Losing that loving feeling? Relationship counselling could help . . .
There's no getting round the fact that relationships are challenging.
After the initial 'hearts and flowers' days of love's young dream, couples settle into lives during which their partner's good points can become overshadowed by habits and attitudes that grind away at their initial bliss.
For some, these can lead to issues and hurt that eventually cause break-ups.
More and more couples, however, are seeking help in an effort to stop matters going this far; drawing on the experience and skills of relationship counsellors such as Gunilla Thor-Finch, who helps people to build self-awareness and gain a greater understanding of their partner's feelings.
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With 42 years of marriage behind her, the Swedish-born grandmother-of-three knows all about the ups and downs that all couples experience.
"The reality is that all relationships are challenging," she says.
"My husband, Graham, and I have had our ups and downs but we have worked through them with the help of couples' counselling."
Over the years Gunilla and Graham have lived in various parts of the UK as well as Spain, Saudi Arabia, Brunei and Singapore.
Graham's work as a captain in the Merchant Navy meant he was away from home for long periods. Gunilla, meanwhile combined looking after her two children with working as a school teacher, a profession she was to follow for 30 years before being inspired to re-train as a counsellor.
"I went into therapy myself and it changed my life," she says. "I was trying to work out why I was depressed when everything in my life was good.
"We had a wonderful house and a comfortable lifestyle, but with the help of a counsellor, I realised there were unresolved issues from my childhood and it was only when I learned to overcome these that I was able to live a happier life."
Gunilla began her training while she was living in Singapore, before completing it at the Bath Centre for Psychotherapy and Counselling and gaining BACP accreditation.
"We were in therapy ourselves right through the training," says Gunilla. "For me that was really important because I know how it feels to be counselled and I know about myself."
Drawing on her training as well as her life experience, Gunilla also runs courses that help couples and individuals looking to deepen their relationships, helping them to understand themselves better and the way they behave around others.
"I don't give advice," she explains. "I help, support and challenge people so that they can find out where they want to be and what changes they need to make so that they can live a life they're content with. Life is too short for it not to be so."
With couples, Gunilla says it's helpful for both parties to be able to meet in a neutral environment – in her case a discreet and calm studio in the grounds of her home in South Woodchester – and in the presence of an impartial third party, who will allow each side to be able to speak openly and honestly about the way they feel.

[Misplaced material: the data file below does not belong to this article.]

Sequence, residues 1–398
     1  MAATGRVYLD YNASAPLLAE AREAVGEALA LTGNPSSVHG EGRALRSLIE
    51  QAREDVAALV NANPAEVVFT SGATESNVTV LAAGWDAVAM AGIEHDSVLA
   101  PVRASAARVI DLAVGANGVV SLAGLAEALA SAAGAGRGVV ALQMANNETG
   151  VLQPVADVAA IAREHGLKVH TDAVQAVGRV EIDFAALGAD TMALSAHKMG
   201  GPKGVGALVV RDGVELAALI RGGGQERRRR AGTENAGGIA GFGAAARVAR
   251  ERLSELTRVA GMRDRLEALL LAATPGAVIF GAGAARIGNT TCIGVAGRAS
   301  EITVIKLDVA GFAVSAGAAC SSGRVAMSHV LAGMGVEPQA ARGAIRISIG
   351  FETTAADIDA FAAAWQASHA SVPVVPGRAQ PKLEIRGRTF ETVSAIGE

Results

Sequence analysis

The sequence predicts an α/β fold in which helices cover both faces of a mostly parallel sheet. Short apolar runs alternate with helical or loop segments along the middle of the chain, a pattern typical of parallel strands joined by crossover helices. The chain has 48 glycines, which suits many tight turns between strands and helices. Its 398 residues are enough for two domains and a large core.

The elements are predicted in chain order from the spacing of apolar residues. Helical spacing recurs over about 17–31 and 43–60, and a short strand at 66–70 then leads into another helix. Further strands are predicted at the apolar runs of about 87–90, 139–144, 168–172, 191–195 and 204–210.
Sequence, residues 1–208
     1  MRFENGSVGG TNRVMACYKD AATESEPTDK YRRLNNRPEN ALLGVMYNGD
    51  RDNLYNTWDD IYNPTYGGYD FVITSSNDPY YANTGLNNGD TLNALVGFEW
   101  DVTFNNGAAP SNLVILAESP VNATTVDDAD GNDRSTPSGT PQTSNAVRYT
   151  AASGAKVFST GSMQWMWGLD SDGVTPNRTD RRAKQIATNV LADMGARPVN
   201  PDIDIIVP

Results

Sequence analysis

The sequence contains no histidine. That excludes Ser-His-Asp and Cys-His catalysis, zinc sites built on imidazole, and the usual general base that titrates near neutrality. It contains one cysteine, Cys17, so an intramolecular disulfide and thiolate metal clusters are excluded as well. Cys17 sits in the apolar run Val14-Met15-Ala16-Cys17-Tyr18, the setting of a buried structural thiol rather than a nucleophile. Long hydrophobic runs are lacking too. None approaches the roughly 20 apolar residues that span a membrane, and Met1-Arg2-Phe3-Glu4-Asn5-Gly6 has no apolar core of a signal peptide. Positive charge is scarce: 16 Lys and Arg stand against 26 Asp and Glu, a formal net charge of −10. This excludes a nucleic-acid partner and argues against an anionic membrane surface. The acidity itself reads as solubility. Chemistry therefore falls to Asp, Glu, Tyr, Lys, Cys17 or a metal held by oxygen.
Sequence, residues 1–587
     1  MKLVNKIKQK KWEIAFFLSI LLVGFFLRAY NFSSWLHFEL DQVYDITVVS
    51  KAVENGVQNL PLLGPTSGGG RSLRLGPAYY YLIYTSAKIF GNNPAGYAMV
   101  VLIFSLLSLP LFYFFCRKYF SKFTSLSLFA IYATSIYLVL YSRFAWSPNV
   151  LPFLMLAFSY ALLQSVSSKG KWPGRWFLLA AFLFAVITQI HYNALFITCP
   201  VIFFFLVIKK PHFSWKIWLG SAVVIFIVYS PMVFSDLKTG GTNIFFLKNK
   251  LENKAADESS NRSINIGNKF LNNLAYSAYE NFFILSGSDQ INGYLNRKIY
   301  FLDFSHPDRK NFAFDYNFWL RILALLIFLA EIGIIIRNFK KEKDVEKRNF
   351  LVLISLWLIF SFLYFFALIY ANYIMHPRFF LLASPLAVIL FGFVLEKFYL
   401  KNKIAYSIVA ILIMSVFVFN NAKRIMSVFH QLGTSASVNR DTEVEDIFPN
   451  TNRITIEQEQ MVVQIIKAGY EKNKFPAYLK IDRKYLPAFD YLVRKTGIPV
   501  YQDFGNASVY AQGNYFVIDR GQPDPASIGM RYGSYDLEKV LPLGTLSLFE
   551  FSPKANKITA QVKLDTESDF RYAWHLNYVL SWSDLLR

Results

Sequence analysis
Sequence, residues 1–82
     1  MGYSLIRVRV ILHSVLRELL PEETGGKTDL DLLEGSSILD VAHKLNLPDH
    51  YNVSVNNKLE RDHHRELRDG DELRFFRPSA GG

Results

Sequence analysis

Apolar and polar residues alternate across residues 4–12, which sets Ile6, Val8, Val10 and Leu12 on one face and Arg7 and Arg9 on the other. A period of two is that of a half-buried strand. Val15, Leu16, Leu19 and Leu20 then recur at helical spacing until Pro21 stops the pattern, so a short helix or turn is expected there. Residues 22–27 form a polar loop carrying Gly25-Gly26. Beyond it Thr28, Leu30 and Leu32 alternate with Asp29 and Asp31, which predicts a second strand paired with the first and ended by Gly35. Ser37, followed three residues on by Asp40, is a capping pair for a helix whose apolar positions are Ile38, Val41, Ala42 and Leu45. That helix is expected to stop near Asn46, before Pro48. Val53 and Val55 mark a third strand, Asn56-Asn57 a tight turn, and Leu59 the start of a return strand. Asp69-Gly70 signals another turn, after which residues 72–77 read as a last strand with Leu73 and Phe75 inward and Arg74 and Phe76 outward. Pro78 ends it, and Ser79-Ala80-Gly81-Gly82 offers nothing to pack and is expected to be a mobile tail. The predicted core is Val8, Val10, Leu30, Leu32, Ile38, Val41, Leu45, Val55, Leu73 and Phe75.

"It's not rocket science," she laughs. "For couples it's often about communication – and listening to each other.
"Often it's difficult to hear our partner's feelings – we want to fix it for them – but that's not what it's all about.
"For both partners, actually being heard is a very powerful tool for a caring and nurturing relationship."
For Gunilla, counselling has become a passion and she is pleased to be in a position to help people to have better relationships and, if there really is no going back, to equip each partner with self-knowledge to put them in a better position not to make the same mistakes in the future.
"My only wish is that people would seek help sooner, when so much hurt could be avoided," she says.
"I am passionate about relationships working well because of the impact it has on people around us if it's not working well, especially children."
Gunilla's top tips for a great relationship:
1. Really listen to what your partner is saying. Only give advice if your partner asks for it!
2. The way we communicate is one of the most important factors of how relationships grow and deepen.
3. Be clear and concise about what you want to say. 'Going round the houses' means that you will lose your partner's attention before you get to what you really want to say.
4. Be honest: in the long run that is very important.
5. Relationships are about negotiating: if a particular issue is really important to you, negotiate; otherwise, let it go.
6. Take responsibility for your part, dare to be honest with yourself: blaming doesn't help any relationship.
7. Remember that 80 per cent of communication is non-verbal. Facial expressions, silences, rolling one's eyes, folding arms defensively are just four ways which say so much more than words, and are not helpful in any way.
8. During arguments, people get angry and shout, unaware that that makes it impossible for the other person to actually hear. So take time out, cool down, then return and say what you wanted to say, with a much better chance of actually being heard.
9. Try not to make assumptions, listen to what the other person is saying and then ask if it's something you haven't understood.
10. Disagreement is often taken as the other person doesn't love us. No two people are the same with the same wishes, hopes, understanding and knowledge. It's not that one is wrong – we are all different. It is how we deal with our difference that is important; empathy and understanding will help.
11. Make sure you spend time together as a couple. Everyday life can take over, especially when children come along. Without time together, it's easy for couples to lose contact with each other as partners who love and are committed to each other .